Holy Show: New printed arts magazine is launched

A cheeky swimmer adorns the cover of the first issue of Holy Show.
Picture courtesy of Holy Show.

Peter McNamara

Holy Show is a new print arts magazine, that was launched at the end of July at the Project in Temple Bar. For sale in Eason’s, and most bookshops around Dublin, Holy Show is being pitched as an arts magazine for everyone, something the regular passer-by might pick up off the shelf. In the run-up to the launch, I sat down with its editor and creator, the Dublin writer Brendan Mac Evilly. 

Why do you decide to call the magazine Holy Show?

A holy show is someone who makes a spectacle of themselves. Is that such a bad thing? That wild rant you went on last night; the pang of dread that courses through your mind when you recall everything you let slip. But didn’t it hold a grain of truth? Has something not consciously or sub-consciously been revealed? Is it so awful that you danced or sang as badly as you did? Isn’t it more important that you danced and sang? You took a risk. You ignored propriety and broke with convention. Weren’t you glad to get it off your chest? Well… maybe not! 

How does being a ‘holy show’ relate to being an artist?

For artists, making a spectacle and breaking with convention are arguably the modi operandi, to draw attention to their work, to create a show, an exhibition, but with purpose, deploying skill and craft, aiming to reveal something true about the world, from a surprising viewpoint, about people and places, where we live or pass through; a commentary or observation on our collective lives unfolding, our beliefs, struggles, pains and joys. Artists in Ireland have a history of doing this in the face of censorship and censure. 

Why do you think there was so much censorship? 

To reveal what is both new and true can be a dangerous business. Our old friends shame and judgement are never too far away, the checks and balances of public opinion. Edna O’Brien, a holy show. John McGahern, a holy show. Panti Bliss, a holy show. 

So will Holy Show go in search of that kind of controversy? 

No, not at all. But it will look for life, energy. It’ll give printed space to artists to say or show us something true, trusting them to tell the stories of who we are with honesty and insight. Nor is the title Holy Show intended as a nod to the idea of art as a replacement for religion. The gallery is a secular temple. The growing reverence for self-expression, an occasion for meaning. That said, reading Issue one from cover to cover will take about as long as Fr Clippit takes to say mass – “a good, long mass” since his stroke.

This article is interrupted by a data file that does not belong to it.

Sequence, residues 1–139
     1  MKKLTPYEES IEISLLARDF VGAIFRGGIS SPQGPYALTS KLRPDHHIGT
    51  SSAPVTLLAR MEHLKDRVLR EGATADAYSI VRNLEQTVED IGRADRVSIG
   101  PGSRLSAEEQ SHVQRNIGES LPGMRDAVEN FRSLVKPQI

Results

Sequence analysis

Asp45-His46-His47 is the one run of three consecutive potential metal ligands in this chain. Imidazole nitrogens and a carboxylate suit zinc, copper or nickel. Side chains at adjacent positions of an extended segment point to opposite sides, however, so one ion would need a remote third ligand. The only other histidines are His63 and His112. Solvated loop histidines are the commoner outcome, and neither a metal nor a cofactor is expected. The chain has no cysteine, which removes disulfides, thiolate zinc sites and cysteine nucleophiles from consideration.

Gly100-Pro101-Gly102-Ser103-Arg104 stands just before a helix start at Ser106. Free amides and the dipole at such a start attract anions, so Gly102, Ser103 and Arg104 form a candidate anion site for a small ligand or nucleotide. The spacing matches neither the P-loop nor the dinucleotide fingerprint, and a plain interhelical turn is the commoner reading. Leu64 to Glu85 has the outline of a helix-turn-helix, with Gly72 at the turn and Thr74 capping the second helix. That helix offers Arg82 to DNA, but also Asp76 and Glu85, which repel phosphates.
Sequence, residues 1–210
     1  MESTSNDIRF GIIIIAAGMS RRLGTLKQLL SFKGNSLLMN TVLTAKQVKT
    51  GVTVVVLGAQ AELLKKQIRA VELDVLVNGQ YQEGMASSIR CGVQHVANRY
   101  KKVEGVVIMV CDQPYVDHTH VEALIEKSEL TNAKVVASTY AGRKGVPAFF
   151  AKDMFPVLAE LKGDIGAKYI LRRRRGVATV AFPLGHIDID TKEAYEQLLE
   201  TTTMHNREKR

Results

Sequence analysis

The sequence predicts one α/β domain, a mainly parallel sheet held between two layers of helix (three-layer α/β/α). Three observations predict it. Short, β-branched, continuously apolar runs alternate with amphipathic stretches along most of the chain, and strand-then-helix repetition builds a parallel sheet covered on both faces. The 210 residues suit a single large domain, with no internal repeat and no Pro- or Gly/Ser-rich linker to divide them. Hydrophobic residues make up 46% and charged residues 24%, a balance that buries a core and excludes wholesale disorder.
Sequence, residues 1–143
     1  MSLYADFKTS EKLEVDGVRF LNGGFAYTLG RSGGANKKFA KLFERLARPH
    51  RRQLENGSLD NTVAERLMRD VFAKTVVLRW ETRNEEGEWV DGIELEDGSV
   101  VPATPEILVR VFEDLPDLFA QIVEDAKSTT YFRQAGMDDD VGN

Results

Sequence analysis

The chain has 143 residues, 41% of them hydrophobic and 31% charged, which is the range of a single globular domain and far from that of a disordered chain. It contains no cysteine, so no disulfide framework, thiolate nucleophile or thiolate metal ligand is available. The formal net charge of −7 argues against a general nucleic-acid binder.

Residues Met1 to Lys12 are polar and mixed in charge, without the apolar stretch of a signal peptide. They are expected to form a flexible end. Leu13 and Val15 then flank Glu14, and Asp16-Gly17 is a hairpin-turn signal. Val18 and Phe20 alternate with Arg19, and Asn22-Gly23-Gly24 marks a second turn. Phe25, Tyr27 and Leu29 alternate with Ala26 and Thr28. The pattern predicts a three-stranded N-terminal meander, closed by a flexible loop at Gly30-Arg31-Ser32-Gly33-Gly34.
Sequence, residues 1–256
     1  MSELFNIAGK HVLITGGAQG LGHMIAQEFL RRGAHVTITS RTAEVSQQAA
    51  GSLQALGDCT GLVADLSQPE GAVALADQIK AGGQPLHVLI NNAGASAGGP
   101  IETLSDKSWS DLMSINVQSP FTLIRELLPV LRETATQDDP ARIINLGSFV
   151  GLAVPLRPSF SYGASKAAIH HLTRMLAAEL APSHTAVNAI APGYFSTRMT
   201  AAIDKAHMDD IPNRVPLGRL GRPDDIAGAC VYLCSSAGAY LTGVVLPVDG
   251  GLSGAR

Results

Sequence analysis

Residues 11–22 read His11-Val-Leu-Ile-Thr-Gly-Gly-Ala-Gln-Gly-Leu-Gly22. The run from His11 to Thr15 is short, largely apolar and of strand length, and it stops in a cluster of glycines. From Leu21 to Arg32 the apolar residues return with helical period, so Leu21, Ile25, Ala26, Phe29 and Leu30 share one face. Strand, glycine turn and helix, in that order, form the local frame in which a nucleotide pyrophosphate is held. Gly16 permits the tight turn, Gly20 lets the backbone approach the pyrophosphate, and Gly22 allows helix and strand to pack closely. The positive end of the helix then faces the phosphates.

Put simply, what can we expect from this new magazine?

These stories come in a variety of forms, from a range of incredibly talented artists working in diverse media. Issue one includes critical musings on TV archival footage, hybrid essays, theatre show extracts and poetry adaptations, film footage, conversation, audio extracts and a gonzo jaunt to Mass of an Easter Sunday morning. With added fire. 

Holy Show is a cross-arts publication and production company. Over the next year it will produce and tour a live audio-visual version of Ian Maleney’s Minor Monuments in collaboration with film-maker Jamie Goldrick, to venues and festivals north and south of the border. See the inside back cover for more on this. 

In print or in person, you will not be bored. What follows should feel like something between an entrancingly esoteric lecture and the best pub conversation you’ve ever had. Enjoy irresponsibly. 

Holy Show is available to buy at holyshow.ie, in Eason’s, and in most book shops around Dublin. Tickets for Ian Maleney’s Minor Monuments tour, and the full list of tour dates, are available at holyshow.ie.